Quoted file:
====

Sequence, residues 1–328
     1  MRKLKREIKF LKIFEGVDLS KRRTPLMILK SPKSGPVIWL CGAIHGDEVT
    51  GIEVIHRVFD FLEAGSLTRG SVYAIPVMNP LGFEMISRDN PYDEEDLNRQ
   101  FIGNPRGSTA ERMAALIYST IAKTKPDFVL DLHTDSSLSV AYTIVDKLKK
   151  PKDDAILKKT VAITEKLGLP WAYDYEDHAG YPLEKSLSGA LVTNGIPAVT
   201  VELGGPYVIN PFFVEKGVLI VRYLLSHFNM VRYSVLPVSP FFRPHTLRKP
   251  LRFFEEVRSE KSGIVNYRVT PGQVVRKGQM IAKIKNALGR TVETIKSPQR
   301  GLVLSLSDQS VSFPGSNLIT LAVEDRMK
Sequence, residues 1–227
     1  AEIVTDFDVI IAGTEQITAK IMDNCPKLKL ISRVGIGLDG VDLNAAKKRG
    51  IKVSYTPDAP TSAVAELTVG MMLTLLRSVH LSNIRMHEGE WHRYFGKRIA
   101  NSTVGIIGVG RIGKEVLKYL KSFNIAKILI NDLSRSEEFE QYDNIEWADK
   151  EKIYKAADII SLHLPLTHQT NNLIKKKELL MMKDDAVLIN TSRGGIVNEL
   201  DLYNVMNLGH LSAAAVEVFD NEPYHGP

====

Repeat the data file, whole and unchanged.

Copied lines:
Sequence, residues 1–328
     1  MRKLKREIKF LKIFEGVDLS KRRTPLMILK SPKSGPVIWL CGAIHGDEVT
    51  GIEVIHRVFD FLEAGSLTRG SVYAIPVMNP LGFEMISRDN PYDEEDLNRQ
   101  FIGNPRGSTA ERMAALIYST IAKTKPDFVL DLHTDSSLSV AYTIVDKLKK
   151  PKDDAILKKT VAITEKLGLP WAYDYEDHAG YPLEKSLSGA LVTNGIPAVT
   201  VELGGPYVIN PFFVEKGVLI VRYLLSHFNM VRYSVLPVSP FFRPHTLRKP
   251  LRFFEEVRSE KSGIVNYRVT PGQVVRKGQM IAKIKNALGR TVETIKSPQR
   301  GLVLSLSDQS VSFPGSNLIT LAVEDRMK
Sequence, residues 1–227
     1  AEIVTDFDVI IAGTEQITAK IMDNCPKLKL ISRVGIGLDG VDLNAAKKRG
    51  IKVSYTPDAP TSAVAELTVG MMLTLLRSVH LSNIRMHEGE WHRYFGKRIA
   101  NSTVGIIGVG RIGKEVLKYL KSFNIAKILI NDLSRSEEFE QYDNIEWADK
   151  EKIYKAADII SLHLPLTHQT NNLIKKKELL MMKDDAVLIN TSRGGIVNEL
   201  DLYNVMNLGH LSAAAVEVFD NEPYHGP